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Sean Yoes

On Sept. 29, the third hearing of the Freddie Gray case focused on the timing of the first trial for Officer William Porter, which was officially scheduled by Judge Barry Williams for November 30, 2015.

The Freddie Gray saga has been ubiquitous in Baltimore since April of 2015, but the issue of law enforcement reform has dominated our reporting on AFRO First Edition since the first day we landed in the weekday slot during drive time, 5-7 pm on Sept. 22, 2014.

About a week before we went daily, a surveillance video surfaced publicly showing Vincent Cosom and his boys, behaving more like gang bangers, than sworn Baltimore City Police Officers. The now infamous footage shows Cosom following Kollin Truss out of a liquor store to a nearby bus stop where he beat the hell out of him (while other “officers” held his arms) at the corner of North and Greenmount on June 15, 2014.

Almost one week to the day after we went on the air daily, The Baltimore Sun published its volatile expose on Baltimore police brutality, “Undue Force,” which reported among other things that the city had paid out $5.7 million since 2011 over lawsuits claiming police regularly beat up alleged suspects.

This was the daily news crucible we entered about a year ago and we’ve reported on policing policy and misconduct, as well as the efforts at law enforcement reform on almost a daily basis.

However, by Oct. 2014 we specifically shifted our focus with an eye on January and the upcoming 2015 legislative session in Annapolis.

We began to agitate on the airwaves, mainly through the reporting of the AFRO’s Roberto Alejandro and Stephen Janis and Taya Graham of The Real News Network (they were with Fox 45 at the time), a sometimes incendiary trio of talented journalists informally known as “The First Edition Mod Squad.” And we chronicled the efforts of groups like Leaders of a Beautiful Struggle, and individuals like Pastor Heber Brown of Pleasant Hope Baptist Church, and 41st Legislative District Delegate Jill Carter and others, to craft law to prohibit law enforcement misconduct and provide more protection for citizens.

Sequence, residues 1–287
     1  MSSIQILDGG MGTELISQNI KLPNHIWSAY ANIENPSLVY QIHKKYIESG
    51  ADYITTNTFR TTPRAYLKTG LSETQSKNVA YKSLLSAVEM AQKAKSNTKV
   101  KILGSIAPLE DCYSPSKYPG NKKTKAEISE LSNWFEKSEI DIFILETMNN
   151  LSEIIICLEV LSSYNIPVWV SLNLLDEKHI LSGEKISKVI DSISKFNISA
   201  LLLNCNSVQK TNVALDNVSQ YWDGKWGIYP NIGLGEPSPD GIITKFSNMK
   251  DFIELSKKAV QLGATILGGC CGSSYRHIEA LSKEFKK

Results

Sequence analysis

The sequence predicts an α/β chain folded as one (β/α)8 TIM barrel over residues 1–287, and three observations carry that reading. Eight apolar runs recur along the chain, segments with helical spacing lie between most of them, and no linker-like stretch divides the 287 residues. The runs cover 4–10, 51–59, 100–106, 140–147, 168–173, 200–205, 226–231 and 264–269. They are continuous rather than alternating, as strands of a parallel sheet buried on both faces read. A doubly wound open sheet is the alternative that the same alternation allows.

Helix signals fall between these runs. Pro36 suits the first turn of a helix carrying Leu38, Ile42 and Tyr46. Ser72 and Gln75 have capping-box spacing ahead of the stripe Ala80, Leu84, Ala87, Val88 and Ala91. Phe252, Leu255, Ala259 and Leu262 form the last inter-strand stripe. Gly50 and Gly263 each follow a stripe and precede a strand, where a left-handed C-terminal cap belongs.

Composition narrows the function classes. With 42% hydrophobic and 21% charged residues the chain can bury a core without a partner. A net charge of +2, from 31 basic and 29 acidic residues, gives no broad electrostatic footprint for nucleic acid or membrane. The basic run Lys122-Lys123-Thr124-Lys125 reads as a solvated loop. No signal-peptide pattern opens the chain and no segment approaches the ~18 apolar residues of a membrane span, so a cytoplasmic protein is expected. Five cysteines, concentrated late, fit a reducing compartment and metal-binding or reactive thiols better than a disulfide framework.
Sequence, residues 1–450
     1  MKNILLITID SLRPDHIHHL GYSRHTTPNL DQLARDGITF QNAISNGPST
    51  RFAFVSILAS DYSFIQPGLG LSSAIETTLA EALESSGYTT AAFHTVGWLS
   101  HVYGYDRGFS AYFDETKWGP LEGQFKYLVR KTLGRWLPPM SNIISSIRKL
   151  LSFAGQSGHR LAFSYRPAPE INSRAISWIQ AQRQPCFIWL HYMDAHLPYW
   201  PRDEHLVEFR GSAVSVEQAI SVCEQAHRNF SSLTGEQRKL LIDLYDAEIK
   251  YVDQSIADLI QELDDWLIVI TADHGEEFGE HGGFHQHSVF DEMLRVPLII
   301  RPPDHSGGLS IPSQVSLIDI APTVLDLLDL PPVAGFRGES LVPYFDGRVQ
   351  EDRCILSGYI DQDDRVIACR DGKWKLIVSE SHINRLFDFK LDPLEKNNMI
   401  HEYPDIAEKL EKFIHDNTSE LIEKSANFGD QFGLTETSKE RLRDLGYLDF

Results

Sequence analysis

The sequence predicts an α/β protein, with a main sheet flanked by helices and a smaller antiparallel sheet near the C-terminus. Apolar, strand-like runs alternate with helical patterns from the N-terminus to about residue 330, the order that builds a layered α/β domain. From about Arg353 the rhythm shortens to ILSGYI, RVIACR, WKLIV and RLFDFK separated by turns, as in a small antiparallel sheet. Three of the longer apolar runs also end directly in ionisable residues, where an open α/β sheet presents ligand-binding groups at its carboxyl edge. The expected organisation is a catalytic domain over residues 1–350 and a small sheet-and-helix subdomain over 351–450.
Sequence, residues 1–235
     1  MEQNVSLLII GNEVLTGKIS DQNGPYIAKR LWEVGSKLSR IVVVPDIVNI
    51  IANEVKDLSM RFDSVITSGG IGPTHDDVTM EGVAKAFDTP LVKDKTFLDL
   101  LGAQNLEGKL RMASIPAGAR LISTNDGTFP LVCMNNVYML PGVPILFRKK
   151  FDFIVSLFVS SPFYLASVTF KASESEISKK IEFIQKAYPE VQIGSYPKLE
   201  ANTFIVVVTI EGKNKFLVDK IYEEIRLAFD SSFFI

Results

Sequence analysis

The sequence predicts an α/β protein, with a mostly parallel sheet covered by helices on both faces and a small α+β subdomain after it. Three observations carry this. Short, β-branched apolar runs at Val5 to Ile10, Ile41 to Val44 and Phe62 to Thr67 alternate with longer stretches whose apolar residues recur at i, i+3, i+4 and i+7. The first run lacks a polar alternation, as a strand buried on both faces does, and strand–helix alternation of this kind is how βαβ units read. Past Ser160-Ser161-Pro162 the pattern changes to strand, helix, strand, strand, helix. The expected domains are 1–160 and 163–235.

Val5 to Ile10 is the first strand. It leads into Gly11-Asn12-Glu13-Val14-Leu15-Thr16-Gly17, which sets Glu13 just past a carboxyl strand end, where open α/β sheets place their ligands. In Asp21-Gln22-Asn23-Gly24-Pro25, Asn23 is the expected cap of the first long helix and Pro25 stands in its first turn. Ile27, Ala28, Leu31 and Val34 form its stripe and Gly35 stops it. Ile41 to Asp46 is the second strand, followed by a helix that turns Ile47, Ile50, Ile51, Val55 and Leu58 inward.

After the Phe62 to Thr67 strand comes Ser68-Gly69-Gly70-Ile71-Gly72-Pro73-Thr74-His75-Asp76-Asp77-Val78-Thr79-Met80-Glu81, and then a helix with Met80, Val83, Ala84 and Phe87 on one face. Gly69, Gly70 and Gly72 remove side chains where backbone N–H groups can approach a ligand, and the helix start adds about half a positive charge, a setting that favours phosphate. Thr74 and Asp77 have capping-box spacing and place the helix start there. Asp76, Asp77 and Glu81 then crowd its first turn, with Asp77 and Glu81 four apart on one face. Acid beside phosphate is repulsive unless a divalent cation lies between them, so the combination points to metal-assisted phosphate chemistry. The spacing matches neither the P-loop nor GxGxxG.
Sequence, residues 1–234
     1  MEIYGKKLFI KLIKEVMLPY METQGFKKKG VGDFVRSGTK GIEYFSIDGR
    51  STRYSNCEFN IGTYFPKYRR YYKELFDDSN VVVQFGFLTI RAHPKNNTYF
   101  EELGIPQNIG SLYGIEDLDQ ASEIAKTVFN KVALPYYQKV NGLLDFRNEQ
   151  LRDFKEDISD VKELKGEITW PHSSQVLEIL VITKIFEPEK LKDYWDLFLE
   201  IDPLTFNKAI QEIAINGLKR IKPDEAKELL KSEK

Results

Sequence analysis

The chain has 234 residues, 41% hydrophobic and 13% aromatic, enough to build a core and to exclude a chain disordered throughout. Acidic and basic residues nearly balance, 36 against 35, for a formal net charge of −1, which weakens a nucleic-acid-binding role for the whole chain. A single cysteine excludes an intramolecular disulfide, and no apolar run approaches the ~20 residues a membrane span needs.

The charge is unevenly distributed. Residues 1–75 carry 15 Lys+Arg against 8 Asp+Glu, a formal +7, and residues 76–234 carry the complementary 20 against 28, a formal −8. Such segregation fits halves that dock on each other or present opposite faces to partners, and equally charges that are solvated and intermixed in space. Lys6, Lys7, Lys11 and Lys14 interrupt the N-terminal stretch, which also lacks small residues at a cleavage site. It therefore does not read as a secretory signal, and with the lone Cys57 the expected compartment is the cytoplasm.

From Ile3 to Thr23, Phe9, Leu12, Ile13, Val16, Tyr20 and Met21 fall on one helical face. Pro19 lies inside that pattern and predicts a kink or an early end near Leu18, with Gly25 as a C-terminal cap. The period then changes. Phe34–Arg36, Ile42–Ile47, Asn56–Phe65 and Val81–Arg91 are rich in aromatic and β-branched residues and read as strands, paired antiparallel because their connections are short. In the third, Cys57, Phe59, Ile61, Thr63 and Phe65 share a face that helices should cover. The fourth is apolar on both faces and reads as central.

On April 13, after numerous rallies, speeches, bus rides to Annapolis, testimonies before various committees and arduous work on the House and Senate side, not one measure aimed at reforming the Law Enforcement Officers Bill of Rights or any other meaningful police reform legislation passed.

On April 12, one day prior to the end of the session, Freddie Gray was arrested near Gilmor Homes in Sandtown-Winchester where he lived and one week later he was dead.

On the day of Gray’s funeral, April 27, the city imploded.

Our city has been in the international media spotlight ever since; Baltimore is regularly name checked along with Ferguson when the issues of police brutality and civil unrest are discussed. “We don’t want another Ferguson or Baltimore,” is a common refrain.

Nobody “wants” another Ferguson or Baltimore, but this is our reality as a city and it is the larger reality for most of Black America, the imposition of a violent police state and murder.

After the Uprising, we endured the bloodiest and deadliest summer in the city’s history, and by the end of it, Baltimore Mayor Stephanie Rawlings-Blake, who fairly or unfairly has been blamed for much of the city’s tribulation, saw the writing on the wall and decided to not seek re-election in 2016.

As a news organization, AFRO First Edition continues to look forward, again eyeing Annapolis. This time, we hope meaningful law enforcement legislation will be signed into law by Governor Larry Hogan in 2016. If it happens it will take a Herculean effort.

Nevertheless, we’ll continue to report on and pray for our beautiful and deeply flawed city and most importantly its people.

Sean Yoes is a Senior Contributor for the AFRO and host and executive producer of AFRO First Edition, which airs Monday through Friday, 5-7 p.m. on WEAA, 88.9.